The tale of the hard-working North vs the lazy South has been cited again and again during the past couple of years, mostly from Northern politicians who saw the on-going crisis as an opportunity to promote their own agendas. At the core of this "argument" was the self-assuring conviction that "we do not need them (the South), they need us". Through an array of measures mostly aimed at austerity in order for state financials to regain their vigor, the North is surprised at the increasing debt-to-GDP ratio in the short-run and is accusing some of the South for not pushing through enough reforms.
As has been explained before, when GDP goes down, debt has to decrease by much more in order for the debt-to-GDP ratio to remain constant. Yet, this will obviously not be the case as the economy contracts much faster than the GDP can be reduced. In addition, when policies are based on austerity, results are usually much harsher for citizens than when they are not. Even though many have failed to see it at the time of implementation, austerity measures in the periphery also affect the North. The simple rationale behind this is that the North was (until now) basically exporting while the South was largely importing goods; the heavy reliance on each other was more than evident as in 2010, no country in the Eurozone had less than a 57% share of intra-EU exports.
Yet, many continued to think that a heavy reliance on exports was a sign of a "vibrant economy" which would lead to higher wages and higher domestic demand. The brief answer is a big fat no. You see, the issue here is that heavy reliance on exports means heavy reliance on the well-being of your neighbours; if your neighbours are poor it means that they buy much less from you than if they were rich. Simply put, reliance on exports means that if they go down, they take you down with them.
The issue is not new. Some of us have already discussed this in detail, and warned that this situation cannot go on forever. We were (unfortunately for the citizens of the North which are not to blame for the mistakes of their governments) correct. The latest data show something quite startling: Retail trade in December 2013, the month which generally signals the peak in consumer spending, has decreased by 1.6%, compared to November.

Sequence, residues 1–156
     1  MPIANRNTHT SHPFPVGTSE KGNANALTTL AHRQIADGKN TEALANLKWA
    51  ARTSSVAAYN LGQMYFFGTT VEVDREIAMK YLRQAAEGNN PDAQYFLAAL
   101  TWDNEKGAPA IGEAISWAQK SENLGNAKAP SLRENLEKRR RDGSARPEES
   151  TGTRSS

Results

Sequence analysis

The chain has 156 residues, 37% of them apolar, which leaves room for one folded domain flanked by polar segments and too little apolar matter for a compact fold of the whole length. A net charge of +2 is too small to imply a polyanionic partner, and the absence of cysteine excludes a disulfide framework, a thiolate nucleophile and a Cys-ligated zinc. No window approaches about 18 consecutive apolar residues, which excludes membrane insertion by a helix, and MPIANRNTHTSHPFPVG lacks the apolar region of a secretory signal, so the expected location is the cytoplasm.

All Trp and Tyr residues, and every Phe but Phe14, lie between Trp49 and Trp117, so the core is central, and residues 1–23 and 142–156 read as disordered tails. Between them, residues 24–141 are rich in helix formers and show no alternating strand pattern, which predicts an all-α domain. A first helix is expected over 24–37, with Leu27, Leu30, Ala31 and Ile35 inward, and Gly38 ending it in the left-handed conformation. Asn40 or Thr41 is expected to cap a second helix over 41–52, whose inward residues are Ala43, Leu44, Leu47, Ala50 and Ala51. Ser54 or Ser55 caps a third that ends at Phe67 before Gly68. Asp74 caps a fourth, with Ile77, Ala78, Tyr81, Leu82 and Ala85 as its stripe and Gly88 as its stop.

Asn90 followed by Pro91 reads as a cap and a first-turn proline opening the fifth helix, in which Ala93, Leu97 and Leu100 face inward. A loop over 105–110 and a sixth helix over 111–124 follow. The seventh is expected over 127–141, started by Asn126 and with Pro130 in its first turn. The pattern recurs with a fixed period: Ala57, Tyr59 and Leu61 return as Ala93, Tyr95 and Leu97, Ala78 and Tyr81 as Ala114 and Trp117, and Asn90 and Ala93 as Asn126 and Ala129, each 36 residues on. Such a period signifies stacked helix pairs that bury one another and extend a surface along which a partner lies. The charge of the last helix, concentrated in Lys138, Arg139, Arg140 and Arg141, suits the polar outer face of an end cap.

In monthly terms, Portugal and Spain were the leaders in the drop, although this did not come as a surprise. The "surprise" is that Germany, Austria, Belgium and Finland have also seen a sharp drop in retail spending. What is even more astonishing is that on a year-to-year basis, Germany, Belgium and Finland lead the race in the drop. As if this wasn't enough bad news, the bank de-leveraging procedure which has been going on in the periphery appears to have started in the North as well. Germany, Austria and France saw total bank loans to non-financial corporation reduced by 1%, 1.1% and 1.5% respectively, and even if this is not large compared to what happened in the periphery (and Slovenia with the extraordinary 23.8%) it is indicative of the worsening situation in the region.
As a result of de-leveraging and the decrease in spending, inflation in the Eurozone has dropped to 0.7% on an annual basis. Even though just 4 out of 28 countries experience deflation, the rest are barely above 1%; only Austria is close to the ECB mandate of 2%.
North's problem can be reduced to two simple words: no demand. You see, as others also note as well, while banks are not currently in a large need for de-leveraging and are more than willing to lend their excess funds, they cannot do it in their domestic markets as people, in contrast to what most monetary authorities would suggest, are not willing to borrow even at near-zero rates. Less borrowing means less spending, or in economic terms less demand. This results in deflation, which in its turn ends up being a self-perpetuating situation (unless this is stopped as Irving Fisher noted in 1933). As consumption comprises more than 2/3's of GDP, output falls when consumption is reduced.
The situation has begun evolving in Finland where output decreased by 1.1% in November 2013 compared to the previous year, with the same thing occurring in October 2013. The 0.4% contribution to GDP growth led by net exports in the country in 2012, is unlikely to be repeated until demand in the South picks up. With the main forces of the decrease in the 2013 GDP being domestic demand and inventories (both driven by consumption and demand) the path appears to be same as Germany where net exports are expected to take growth down with them in 2014. Even though the country's trade balance has also fallen in December, the effect of local demand, which fell by 1.6% has taken its toll in factory orders in the last month of 2013.
As the gains from trade are not translated into higher domestic demand (either by credit or directly), these have to be tunneled somewhere: housing prices in Germany have soared by at least 25% (in some cases more than 35%) since 2008. The Lehman story has taught us that housing bubbles are not a good thing; actually Deutsche should remember its experience better. With the rest of the Eurozone decreasing imports and domestic demand where does the North expect to ship that 20% of GDP in intra-Eurozone exports and how is it going to sustain the level of GDP currently obtained if domestic demand is also shrinking?